# 7401ICT: Laboratory 2

This Laboratory may be done individually or in pairs. There is a lot of work here; you have until the end of the week to complete it.

## Exercises

1. Again, be careful in laboratories! Avoid cables, avoid electrocuting yourself, change position every 30 minutes.

Again, let me know if you can't login to Windows (or Mac OS X) or if you can't login to grue (grue.ict.griffith.edu.au) using the ssh client putty (or the ssh command from the Terminal application). For this exercise, you can use dwarf (dwarf.ict.griffith.edu.au) or grue (grue.ict.griffith.edu.au). If you can't login to grue or dwarf, work with someone who can, until you can.

Again, print my Linux command summary in the Resources page, study it, and keep it handy for future reference. If you are using vi on Linux, print my Vi command summary. If you are using Mac OS X, read Apple's Switch 101.

2. Complete all tasks in Exercise 1. In particular, make sure that your HTML page has all the elements requested, and that it validates as an HTML5 document.

3. Reread the lecture notes on Python and read Sections 3 to 6 of the Python Tutorial.

4. Create a Python module `fibo.py` in your `labs` directory on grue containing the following function definition:

```def fib(n):
"""Print the Fibonacci sequence up to n."""
a, b = 0, 1
while b < n:
print b,
a, b = b, a+b
print
```

Be precise with indentation! Use spaces not tabs for indentation. Configure your editor to do this automatically. Learn to use your editor's indent and outdent shortcuts.

Run the python interpreter and import function `fib` from the module using the command:

```>>> from fibo import fib
```

Call the function `fib` as follows:

```>>> fib(100)
1 1 2 3 5 8 13 21 34 55 89
```
5. Add a second function `fib2` to the module `fibo.py`. A function call `fib2(n)` should return a list containing the Fibonacci sequence up to n. When called, your new function should behave as follows:

```>>> fib2(100)
[1, 1, 2, 3, 5, 8, 13, 21, 34, 55, 89]
```

To be clear, function `fib2` does not contain any print statements; it simply creates and returns a list of Fibonacci numbers. Instead of printing Fibonacci numbers, it appends them to the list that it eventually returns. Remember to give every Python function (and class) a short, clear, complete documentation string.

Hint. Study the way lists are used in the factorisation example.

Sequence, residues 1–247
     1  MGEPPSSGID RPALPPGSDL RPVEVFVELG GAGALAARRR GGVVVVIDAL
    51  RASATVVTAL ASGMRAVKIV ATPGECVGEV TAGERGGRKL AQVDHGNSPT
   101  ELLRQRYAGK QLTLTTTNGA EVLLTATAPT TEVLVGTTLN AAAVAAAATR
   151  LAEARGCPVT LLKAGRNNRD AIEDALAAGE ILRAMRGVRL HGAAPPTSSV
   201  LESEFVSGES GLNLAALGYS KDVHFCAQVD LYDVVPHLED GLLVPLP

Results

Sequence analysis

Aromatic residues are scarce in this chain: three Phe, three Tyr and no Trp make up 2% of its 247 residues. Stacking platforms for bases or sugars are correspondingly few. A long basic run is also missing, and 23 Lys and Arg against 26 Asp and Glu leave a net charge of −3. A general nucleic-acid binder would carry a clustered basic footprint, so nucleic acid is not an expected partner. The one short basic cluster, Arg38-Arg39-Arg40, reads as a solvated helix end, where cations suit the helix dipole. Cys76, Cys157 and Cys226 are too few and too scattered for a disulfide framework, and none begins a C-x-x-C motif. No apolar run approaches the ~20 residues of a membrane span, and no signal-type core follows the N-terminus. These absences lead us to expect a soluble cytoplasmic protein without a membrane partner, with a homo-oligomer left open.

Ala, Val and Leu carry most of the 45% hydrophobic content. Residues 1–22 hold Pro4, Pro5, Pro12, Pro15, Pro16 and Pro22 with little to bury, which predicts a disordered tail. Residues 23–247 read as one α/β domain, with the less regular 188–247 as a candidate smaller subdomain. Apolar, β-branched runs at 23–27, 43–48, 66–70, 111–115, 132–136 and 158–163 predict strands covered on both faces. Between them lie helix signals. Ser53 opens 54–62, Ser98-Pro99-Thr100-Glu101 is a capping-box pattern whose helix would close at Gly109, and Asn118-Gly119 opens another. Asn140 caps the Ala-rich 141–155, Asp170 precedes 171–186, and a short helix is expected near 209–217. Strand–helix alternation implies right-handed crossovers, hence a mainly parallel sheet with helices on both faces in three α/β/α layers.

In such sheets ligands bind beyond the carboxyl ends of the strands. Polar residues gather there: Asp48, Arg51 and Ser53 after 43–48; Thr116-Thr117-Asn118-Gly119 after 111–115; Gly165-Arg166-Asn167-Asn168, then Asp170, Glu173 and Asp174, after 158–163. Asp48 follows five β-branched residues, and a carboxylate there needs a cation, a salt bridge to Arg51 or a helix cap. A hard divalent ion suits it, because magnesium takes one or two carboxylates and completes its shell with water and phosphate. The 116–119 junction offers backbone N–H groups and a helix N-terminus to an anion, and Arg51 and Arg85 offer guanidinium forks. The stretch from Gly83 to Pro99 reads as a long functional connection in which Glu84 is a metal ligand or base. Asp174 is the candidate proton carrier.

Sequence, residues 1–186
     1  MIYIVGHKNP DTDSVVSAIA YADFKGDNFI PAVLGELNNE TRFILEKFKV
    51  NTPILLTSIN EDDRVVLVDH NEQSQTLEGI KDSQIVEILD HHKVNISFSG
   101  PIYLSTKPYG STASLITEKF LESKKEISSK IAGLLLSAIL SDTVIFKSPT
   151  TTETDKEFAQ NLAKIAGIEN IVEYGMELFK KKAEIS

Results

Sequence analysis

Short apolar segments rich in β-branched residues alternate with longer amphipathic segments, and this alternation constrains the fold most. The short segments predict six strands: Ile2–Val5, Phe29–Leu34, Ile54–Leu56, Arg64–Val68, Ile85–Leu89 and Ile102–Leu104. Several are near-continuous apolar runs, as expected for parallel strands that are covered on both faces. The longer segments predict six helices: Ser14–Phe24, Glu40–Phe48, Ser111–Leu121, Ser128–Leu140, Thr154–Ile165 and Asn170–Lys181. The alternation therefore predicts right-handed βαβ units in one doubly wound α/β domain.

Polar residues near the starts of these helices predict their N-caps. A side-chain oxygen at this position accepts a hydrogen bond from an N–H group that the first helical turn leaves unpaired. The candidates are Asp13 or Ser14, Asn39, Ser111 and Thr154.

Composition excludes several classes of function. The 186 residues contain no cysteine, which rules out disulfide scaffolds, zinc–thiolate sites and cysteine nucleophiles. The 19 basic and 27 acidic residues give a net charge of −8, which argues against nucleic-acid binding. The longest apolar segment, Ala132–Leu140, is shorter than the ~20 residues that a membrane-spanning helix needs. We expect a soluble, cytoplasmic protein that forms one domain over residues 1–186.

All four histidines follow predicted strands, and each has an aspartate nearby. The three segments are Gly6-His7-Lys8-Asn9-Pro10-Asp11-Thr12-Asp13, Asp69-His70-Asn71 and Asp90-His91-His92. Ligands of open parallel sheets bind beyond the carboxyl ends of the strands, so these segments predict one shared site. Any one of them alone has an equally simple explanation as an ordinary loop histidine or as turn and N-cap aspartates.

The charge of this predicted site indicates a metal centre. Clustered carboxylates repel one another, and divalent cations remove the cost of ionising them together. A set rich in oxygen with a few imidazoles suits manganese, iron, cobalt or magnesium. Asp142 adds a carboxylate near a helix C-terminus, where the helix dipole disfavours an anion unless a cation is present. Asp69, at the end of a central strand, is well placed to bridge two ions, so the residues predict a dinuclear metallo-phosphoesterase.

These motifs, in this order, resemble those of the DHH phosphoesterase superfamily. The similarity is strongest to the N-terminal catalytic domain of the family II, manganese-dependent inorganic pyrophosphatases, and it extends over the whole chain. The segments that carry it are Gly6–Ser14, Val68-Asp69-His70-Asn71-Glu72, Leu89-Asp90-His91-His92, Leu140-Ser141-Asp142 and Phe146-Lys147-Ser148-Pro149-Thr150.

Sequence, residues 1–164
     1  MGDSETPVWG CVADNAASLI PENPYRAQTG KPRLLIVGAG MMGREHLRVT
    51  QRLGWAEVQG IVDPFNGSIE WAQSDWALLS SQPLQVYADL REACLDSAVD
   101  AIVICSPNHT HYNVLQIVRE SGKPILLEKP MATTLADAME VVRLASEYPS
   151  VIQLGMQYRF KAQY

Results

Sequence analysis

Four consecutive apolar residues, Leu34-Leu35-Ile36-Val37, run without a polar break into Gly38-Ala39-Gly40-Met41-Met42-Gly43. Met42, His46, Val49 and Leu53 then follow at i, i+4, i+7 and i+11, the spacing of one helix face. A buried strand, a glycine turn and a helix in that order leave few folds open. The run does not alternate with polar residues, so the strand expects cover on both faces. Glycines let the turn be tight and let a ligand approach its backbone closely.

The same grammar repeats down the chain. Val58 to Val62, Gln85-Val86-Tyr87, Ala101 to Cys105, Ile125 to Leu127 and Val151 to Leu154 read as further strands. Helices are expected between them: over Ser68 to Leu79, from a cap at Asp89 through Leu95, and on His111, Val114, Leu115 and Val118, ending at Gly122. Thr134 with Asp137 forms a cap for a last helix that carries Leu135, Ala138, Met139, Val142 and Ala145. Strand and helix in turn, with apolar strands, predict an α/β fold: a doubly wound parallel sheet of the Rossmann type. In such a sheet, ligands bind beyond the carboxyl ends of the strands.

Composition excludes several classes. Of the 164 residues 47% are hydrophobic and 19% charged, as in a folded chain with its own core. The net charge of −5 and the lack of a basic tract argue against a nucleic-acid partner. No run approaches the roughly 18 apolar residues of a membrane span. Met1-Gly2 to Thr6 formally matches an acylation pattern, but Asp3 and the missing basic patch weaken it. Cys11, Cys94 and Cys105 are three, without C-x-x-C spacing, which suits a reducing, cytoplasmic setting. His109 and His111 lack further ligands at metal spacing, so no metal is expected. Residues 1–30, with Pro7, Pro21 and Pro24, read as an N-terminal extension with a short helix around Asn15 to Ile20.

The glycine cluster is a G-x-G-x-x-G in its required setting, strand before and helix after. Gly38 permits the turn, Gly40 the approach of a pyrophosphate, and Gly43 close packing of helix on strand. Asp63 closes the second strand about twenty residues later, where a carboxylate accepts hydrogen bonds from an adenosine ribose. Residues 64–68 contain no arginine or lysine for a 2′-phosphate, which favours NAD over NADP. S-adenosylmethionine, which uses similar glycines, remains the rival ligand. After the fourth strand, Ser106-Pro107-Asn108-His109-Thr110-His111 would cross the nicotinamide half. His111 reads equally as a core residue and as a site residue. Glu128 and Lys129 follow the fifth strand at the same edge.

6. Copy the module frequency.py to your `labs` directory on grue. Copy the small text file `preamble.txt` to the same directory. (This is the preamble to the Universal Declaration of Human Rights.). Run the Python interpreter, import the module, and call function `count` on the text file. It should print the number of occurrences of each word in the file.

7. Study the source code of the module until you understand every aspect of it!

Call function `count` again, first to print the number of occurrences of all words in your text file in decreasing frequency, and then to print the frequencies of the 10 most frequent words only.

8. Copy the content of module `frequency.py` into a new module `concordance.py` in your `labs` directory. Modify the module so that it prints a concordance: the list of line numbers where every word in a text file occurs. So, if word "the" occurs in lines, 1, 2 and 4, and word "course" occurs in lines 2 and 3, the module should print:

```course: 2 3
the: 1 2 4
```

Words should be printed in alphabetical order.

Hint. Modify the variable `frequencies` in module `frequency.py` to map words to lists of line numbers (instead of to counts). Whenever a word occurs on a new line, append the line number to the list associated with that word.

Note. Some students might find this a difficult exercise. But you only learn by pushing yourself! And it's OK to ask for help.

9. (See Exerecise 11 in Laboratory 1.) Create a Python module `items.py` that contains a definition of a class `Item`. Each item should contain a name which is a string and a price which is a real. Define a function `__str__(self)` in class `Item` to display instances of class `Item`. Import this module. Create instances of class `Item`.

10. (See the `Student`-`Course`-`Enrolment` example in Lecture 2.) Create a Python module `students.py` that contains definitions of classes that allow you to model students (ids, names and addresses), courses (codes, titles, convenors and prequisites) and enrolments (students, courses, years, grades). Note that the enrolment relationship between courses and students is a many-to-many relationship and the prerequisite relationship between courses and courses is also a many-to-many relationship. Define a function `__str__(self)` in every class. Import this module. Create and display instances of all three classes.

11. Extend the previous question to store all instances of class `Student` in a list that is a class attribute of class `Student`, and similarly for classes `Course`and `Enrolment`. Using the Python interpreter, load the extended module, create instances of classes `Student`, `Course` and `Enrolment`, and give expressions to find all courses that I (for example) convene and all students enrolled this year in course `7401ICT`. (This question may be not so easy, but is easier in Django.)

Note. You must write documentation strings for every Python module, class and function that you define. More generally, you must follow the Python style guidelines.